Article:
If you have been reading about the argument on recently regarding the issues over raw milk, another factor that is over looked by the governments scientists who have chosen to ban raw milk is that as milk is a living organism, it not only contains lots of healthy bacteria but also a healthy electrical charge as well. Even more of an argument to support the view that raw food is incredibly good for all of us

If after reading Silverstone’s book, Blinded by Science, I guarantee you that when eating your next meal, you will not look at the plate of food in front of you in the same way ever again.

About the author:
Matthew Silverstone is the author of Blinded by science, a book that will completely change your attitude to your health.

Blinded by Science offers a theory which when applied to factors like water, plants, the Sun and the Moon all seems to make perfect sense. As simple as it sounds, it is the theory that everything vibrates. The book explains that everything vibrates from the nucleus of an atom to the molecules of our blood, our brain, sound, plants, animals, all the way into outer space. Once this basic principle is understood, everything suddenly becomes clear. Once you apply this theory to the world around you, you will be astounded by what you learn. Find out more at

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Blocking Receptor in Key Hormone Fires Up Enzyme to Kill Pancreatic Cancer Cells

ScienceDaily (Aug. 10, 2011) — Pancreatic cancer researchers at Thomas Jefferson University have shown, for the first time, that blocking a receptor of a key hormone in the renin-angiotensin system (RAS) reduces cancer cell growth by activating the enzyme AMPK to inhibit fatty acid synthase, the ingredients to support cell division.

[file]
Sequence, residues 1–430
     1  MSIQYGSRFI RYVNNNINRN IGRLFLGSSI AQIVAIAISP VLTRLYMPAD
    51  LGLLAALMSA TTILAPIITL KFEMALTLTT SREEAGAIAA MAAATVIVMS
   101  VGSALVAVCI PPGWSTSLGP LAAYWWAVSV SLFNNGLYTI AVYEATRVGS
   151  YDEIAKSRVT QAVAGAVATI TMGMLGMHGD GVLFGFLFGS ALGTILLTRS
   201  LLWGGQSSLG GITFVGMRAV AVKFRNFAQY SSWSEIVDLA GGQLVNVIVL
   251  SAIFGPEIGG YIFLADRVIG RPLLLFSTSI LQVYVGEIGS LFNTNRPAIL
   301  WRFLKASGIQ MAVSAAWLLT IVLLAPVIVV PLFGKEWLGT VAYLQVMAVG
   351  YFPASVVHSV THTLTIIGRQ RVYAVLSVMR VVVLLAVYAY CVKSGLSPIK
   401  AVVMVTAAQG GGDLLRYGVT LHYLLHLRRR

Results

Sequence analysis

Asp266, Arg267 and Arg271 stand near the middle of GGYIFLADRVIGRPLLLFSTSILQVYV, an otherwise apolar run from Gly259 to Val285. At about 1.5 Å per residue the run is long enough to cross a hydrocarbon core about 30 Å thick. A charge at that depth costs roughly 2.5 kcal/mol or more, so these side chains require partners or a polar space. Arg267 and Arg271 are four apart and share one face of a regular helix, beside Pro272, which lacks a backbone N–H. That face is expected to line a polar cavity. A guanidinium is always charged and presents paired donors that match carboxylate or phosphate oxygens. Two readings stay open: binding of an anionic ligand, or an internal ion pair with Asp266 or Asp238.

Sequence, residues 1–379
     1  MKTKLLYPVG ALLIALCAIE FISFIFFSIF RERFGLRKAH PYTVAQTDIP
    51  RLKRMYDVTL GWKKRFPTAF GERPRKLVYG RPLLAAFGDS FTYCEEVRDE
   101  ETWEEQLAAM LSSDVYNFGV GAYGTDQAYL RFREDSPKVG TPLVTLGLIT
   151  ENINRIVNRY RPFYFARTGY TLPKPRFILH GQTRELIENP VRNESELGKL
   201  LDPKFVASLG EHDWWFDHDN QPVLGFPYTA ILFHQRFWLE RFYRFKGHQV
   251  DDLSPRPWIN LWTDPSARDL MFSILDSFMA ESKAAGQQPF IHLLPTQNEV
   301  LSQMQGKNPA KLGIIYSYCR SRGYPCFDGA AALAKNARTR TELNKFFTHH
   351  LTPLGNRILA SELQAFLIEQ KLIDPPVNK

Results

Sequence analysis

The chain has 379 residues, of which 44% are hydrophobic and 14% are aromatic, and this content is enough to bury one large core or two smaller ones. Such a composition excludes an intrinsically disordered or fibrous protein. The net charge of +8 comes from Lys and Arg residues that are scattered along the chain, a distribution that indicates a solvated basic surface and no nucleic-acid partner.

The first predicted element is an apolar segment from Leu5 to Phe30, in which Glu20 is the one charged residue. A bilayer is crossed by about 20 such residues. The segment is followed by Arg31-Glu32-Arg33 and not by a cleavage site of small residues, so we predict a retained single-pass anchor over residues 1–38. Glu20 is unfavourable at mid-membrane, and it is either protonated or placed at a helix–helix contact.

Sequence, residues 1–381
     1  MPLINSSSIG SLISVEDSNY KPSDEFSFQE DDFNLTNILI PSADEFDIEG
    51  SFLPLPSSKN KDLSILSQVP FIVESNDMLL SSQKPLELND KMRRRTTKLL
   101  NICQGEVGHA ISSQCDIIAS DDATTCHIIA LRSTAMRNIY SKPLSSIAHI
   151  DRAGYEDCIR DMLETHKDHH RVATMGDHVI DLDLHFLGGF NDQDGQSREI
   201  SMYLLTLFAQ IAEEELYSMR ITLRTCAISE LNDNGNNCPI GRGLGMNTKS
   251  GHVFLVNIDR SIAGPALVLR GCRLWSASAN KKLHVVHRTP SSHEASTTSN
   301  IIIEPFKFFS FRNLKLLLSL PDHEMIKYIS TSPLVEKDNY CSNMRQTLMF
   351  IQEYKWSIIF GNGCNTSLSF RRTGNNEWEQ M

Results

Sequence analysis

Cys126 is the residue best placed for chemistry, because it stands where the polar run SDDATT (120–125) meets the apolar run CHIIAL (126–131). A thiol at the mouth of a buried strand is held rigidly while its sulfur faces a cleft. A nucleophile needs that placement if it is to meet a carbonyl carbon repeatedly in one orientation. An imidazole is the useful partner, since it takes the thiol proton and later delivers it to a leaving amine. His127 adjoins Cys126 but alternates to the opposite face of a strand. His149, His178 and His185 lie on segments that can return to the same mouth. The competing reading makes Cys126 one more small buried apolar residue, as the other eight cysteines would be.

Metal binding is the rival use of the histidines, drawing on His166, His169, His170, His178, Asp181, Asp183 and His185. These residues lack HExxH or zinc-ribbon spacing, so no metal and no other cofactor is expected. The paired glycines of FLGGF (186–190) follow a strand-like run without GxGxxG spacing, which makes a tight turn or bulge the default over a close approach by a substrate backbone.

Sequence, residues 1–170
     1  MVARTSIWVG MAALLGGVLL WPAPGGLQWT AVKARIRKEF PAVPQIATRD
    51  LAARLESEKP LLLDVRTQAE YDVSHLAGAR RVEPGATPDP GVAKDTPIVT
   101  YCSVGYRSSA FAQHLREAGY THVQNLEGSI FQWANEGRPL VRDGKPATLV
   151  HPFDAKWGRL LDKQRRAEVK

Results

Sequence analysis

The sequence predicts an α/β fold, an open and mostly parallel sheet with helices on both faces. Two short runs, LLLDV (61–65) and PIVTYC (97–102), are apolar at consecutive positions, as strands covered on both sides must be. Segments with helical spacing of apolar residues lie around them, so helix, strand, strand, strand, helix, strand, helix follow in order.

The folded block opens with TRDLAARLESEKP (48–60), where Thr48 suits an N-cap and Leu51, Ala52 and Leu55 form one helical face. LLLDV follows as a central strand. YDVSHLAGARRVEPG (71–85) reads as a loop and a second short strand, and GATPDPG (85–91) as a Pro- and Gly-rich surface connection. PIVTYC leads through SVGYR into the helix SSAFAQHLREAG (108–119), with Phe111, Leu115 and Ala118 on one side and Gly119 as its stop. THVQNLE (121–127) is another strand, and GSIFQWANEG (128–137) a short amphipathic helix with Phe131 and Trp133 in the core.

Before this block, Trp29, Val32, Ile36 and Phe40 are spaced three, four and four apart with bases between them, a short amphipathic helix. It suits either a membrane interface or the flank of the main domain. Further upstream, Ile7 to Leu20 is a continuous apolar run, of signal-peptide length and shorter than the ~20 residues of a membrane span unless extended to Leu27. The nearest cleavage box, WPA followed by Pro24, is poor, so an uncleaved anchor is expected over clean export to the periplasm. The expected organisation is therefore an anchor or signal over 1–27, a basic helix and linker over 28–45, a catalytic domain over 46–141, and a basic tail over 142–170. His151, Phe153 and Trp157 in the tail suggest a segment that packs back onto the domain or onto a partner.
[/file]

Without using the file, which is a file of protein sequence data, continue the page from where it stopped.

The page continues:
angiotensin II type 2 receptor — never before thought to play a role in tumor growth — could be developed to help treat one of the fastest-moving cancers that has a 5-year survival rate of only 5 percent.

Hwyda Arafat, M.D., Ph.D., associate professor of Surgery at Jefferson Medical College of Thomas Jefferson University and the co-director of the Jefferson Pancreatic, Biliary and Related Cancers Center, and her fellow researchers, including the chair of the Department of Surgery at Jefferson, Charles J. Yeo, M.D., FACS, present their findings in the August issue of Surgery.

Angiotensin II (AngII) is the principal hormone in the RAS that regulates our blood pressure and water balance; it has two receptors: type 1 and type 2. AngII is also generated actively in the pancreas and has been shown to be involved in tumor angiogenesis.